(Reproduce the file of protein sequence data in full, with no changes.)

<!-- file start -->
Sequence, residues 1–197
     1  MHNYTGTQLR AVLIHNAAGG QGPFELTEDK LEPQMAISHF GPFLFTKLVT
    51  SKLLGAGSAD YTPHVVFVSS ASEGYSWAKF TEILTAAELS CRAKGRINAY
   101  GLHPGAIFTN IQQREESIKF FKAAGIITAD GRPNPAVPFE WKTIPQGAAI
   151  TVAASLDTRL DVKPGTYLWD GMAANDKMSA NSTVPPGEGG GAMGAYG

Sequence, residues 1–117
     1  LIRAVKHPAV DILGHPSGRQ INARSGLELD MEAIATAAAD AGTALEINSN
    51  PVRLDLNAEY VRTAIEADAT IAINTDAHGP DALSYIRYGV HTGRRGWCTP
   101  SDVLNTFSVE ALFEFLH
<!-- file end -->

Sequence, residues 1–197
     1  MHNYTGTQLR AVLIHNAAGG QGPFELTEDK LEPQMAISHF GPFLFTKLVT
    51  SKLLGAGSAD YTPHVVFVSS ASEGYSWAKF TEILTAAELS CRAKGRINAY
   101  GLHPGAIFTN IQQREESIKF FKAAGIITAD GRPNPAVPFE WKTIPQGAAI
   151  TVAASLDTRL DVKPGTYLWD GMAANDKMSA NSTVPPGEGG GAMGAYG

Sequence, residues 1–117
     1  LIRAVKHPAV DILGHPSGRQ INARSGLELD MEAIATAAAD AGTALEINSN
    51  PVRLDLNAEY VRTAIEADAT IAINTDAHGP DALSYIRYGV HTGRRGWCTP
   101  SDVLNTFSVE ALFEFLH